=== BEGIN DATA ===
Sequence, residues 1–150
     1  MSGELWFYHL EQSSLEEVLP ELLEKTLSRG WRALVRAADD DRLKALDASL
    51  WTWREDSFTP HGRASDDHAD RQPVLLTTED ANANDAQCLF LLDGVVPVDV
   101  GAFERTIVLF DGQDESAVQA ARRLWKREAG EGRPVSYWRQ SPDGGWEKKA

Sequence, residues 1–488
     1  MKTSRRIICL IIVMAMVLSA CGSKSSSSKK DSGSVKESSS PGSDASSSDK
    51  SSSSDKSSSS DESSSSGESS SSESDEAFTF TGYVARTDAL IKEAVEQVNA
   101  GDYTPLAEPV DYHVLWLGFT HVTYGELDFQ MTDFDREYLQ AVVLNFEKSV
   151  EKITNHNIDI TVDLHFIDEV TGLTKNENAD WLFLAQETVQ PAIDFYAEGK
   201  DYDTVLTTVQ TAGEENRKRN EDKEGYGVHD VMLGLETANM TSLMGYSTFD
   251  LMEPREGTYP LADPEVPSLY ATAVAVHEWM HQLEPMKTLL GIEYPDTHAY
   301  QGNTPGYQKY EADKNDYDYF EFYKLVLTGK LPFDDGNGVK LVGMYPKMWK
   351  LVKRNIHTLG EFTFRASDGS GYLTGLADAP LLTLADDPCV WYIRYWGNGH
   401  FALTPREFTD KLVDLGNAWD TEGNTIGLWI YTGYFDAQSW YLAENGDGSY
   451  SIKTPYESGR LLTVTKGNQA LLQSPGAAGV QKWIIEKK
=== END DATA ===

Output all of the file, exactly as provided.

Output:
Sequence, residues 1–150
     1  MSGELWFYHL EQSSLEEVLP ELLEKTLSRG WRALVRAADD DRLKALDASL
    51  WTWREDSFTP HGRASDDHAD RQPVLLTTED ANANDAQCLF LLDGVVPVDV
   101  GAFERTIVLF DGQDESAVQA ARRLWKREAG EGRPVSYWRQ SPDGGWEKKA

Sequence, residues 1–488
     1  MKTSRRIICL IIVMAMVLSA CGSKSSSSKK DSGSVKESSS PGSDASSSDK
    51  SSSSDKSSSS DESSSSGESS SSESDEAFTF TGYVARTDAL IKEAVEQVNA
   101  GDYTPLAEPV DYHVLWLGFT HVTYGELDFQ MTDFDREYLQ AVVLNFEKSV
   151  EKITNHNIDI TVDLHFIDEV TGLTKNENAD WLFLAQETVQ PAIDFYAEGK
   201  DYDTVLTTVQ TAGEENRKRN EDKEGYGVHD VMLGLETANM TSLMGYSTFD
   251  LMEPREGTYP LADPEVPSLY ATAVAVHEWM HQLEPMKTLL GIEYPDTHAY
   301  QGNTPGYQKY EADKNDYDYF EFYKLVLTGK LPFDDGNGVK LVGMYPKMWK
   351  LVKRNIHTLG EFTFRASDGS GYLTGLADAP LLTLADDPCV WYIRYWGNGH
   401  FALTPREFTD KLVDLGNAWD TEGNTIGLWI YTGYFDAQSW YLAENGDGSY
   451  SIKTPYESGR LLTVTKGNQA LLQSPGAAGV QKWIIEKK